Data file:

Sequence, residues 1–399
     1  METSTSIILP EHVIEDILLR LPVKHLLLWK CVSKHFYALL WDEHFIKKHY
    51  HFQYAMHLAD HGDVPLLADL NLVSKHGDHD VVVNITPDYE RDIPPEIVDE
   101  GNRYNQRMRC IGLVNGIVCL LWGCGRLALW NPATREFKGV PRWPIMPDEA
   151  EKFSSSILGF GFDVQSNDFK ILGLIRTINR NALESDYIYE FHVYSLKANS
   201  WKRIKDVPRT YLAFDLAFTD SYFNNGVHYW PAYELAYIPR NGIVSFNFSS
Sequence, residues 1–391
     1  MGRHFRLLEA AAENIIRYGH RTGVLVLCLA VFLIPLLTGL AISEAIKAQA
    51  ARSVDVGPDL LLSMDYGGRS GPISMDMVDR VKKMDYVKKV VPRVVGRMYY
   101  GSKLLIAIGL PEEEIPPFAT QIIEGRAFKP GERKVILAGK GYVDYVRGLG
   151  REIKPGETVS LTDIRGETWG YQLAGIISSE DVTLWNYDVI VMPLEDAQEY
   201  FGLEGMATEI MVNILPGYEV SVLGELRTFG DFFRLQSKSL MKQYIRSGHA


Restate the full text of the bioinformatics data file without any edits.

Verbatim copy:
Sequence, residues 1–399
     1  METSTSIILP EHVIEDILLR LPVKHLLLWK CVSKHFYALL WDEHFIKKHY
    51  HFQYAMHLAD HGDVPLLADL NLVSKHGDHD VVVNITPDYE RDIPPEIVDE
   101  GNRYNQRMRC IGLVNGIVCL LWGCGRLALW NPATREFKGV PRWPIMPDEA
   151  EKFSSSILGF GFDVQSNDFK ILGLIRTINR NALESDYIYE FHVYSLKANS
   201  WKRIKDVPRT YLAFDLAFTD SYFNNGVHYW PAYELAYIPR NGIVSFNFSS
Sequence, residues 1–391
     1  MGRHFRLLEA AAENIIRYGH RTGVLVLCLA VFLIPLLTGL AISEAIKAQA
    51  ARSVDVGPDL LLSMDYGGRS GPISMDMVDR VKKMDYVKKV VPRVVGRMYY
   101  GSKLLIAIGL PEEEIPPFAT QIIEGRAFKP GERKVILAGK GYVDYVRGLG
   151  REIKPGETVS LTDIRGETWG YQLAGIISSE DVTLWNYDVI VMPLEDAQEY
   201  FGLEGMATEI MVNILPGYEV SVLGELRTFG DFFRLQSKSL MKQYIRSGHA